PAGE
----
You truly never know how tested you are until everything changes, and your world flips, and what you thought to be true one moment is no longer true the next. It is at those times when you make your hardest choices and decide what matters most. I took these pictures in the Methow Valley in August 2014, when the world changed for some. (Click on each photograph to see a larger picture on a separate picture page.)
Following the hottest July ever in human recorded history on planet earth, the American west is having the greatest outbreak of wildfires since the great fires of 1910, which ravaged Montana, Idaho, and Washington state.
Fires are burning widely across my home state of Oregon, Washington, California, British Columbia, and Alaska. Three firefighters were killed on Aug. 19, fighting a blaze in the Methow Valley near Twisp–an area hammered by wildfires in 2014. There is major change taking place. This will involve how we plan for fire, build in fire zones, speculate for fast profits in pretty Western scenery (if you can afford that game), and consider what is safe.
Maybe the lessons will be forgotten. People, particularly wealthy people, will still want to live near the mountains and wild places where fires naturally occur, but with global warming patterns due to climate change, the ecosystem will be transformed more and more by big burns. We as a country cannot afford to purely protect all of the property here, particularly when the sacrifice is lost firefighters’ lives. Will it one day be left just to burn?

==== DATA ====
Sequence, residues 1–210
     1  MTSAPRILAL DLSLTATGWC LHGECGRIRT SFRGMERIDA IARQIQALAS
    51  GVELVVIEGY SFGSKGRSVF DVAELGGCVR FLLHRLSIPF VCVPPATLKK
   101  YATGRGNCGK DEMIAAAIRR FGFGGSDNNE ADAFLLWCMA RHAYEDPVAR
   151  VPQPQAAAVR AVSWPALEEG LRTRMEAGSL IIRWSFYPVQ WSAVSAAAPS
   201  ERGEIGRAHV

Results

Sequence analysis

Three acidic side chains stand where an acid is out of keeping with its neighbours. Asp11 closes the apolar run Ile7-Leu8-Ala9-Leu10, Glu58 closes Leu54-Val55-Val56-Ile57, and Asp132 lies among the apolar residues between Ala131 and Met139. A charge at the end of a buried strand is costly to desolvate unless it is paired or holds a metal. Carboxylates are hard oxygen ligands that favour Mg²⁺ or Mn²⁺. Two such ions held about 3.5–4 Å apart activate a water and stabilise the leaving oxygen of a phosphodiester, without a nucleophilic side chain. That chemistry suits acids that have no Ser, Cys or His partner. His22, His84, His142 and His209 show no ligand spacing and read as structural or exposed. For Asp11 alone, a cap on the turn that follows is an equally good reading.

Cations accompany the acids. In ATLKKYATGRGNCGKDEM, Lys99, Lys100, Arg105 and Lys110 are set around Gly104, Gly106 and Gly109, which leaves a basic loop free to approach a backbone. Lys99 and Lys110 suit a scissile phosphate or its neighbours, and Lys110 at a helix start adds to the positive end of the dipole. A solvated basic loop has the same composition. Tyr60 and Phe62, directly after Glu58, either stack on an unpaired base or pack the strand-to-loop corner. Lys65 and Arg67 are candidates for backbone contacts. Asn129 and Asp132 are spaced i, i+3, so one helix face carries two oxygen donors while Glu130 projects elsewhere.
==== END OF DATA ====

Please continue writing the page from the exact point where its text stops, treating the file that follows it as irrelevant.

I took this picture about a week after fires ravaged the town of Pateros, in central Washington, again at the center of Washington’s complex of fires.
(Click on the picture to see a larger photograph on a separate picture page.)
I just completed a trip through some of the most impacted areas of central Washington, where the largest fires ever in the state have left a path of devastation and continued disruption. Okanogan County, a beautiful mountainous and a popular recreation area, was among the hardest hit. One fire alone, the Carlton Complex fire, burned more than 300,000 acres and destroyed dozens of homes. Charred remains of burned buildings can be seen from the roadside, not to mention hills turned black and brown. Thankfully, no one was directly killed. More than 25 helicopters remain deployed in the valley, and several thousand regional firefights continue to fight blazes in the county and now other areas of the state.
I will publish pictures of actual fire damage tomorrow, in Okanogan County and also in the town of Pateros, which lost more than a dozen homes to a fast-moving blaze in mid-July. I have never seen type of smoke cover we have now statewide as I saw the past few days throughout the entire state. (Click on each photo to see a large picture on a separate picture page.)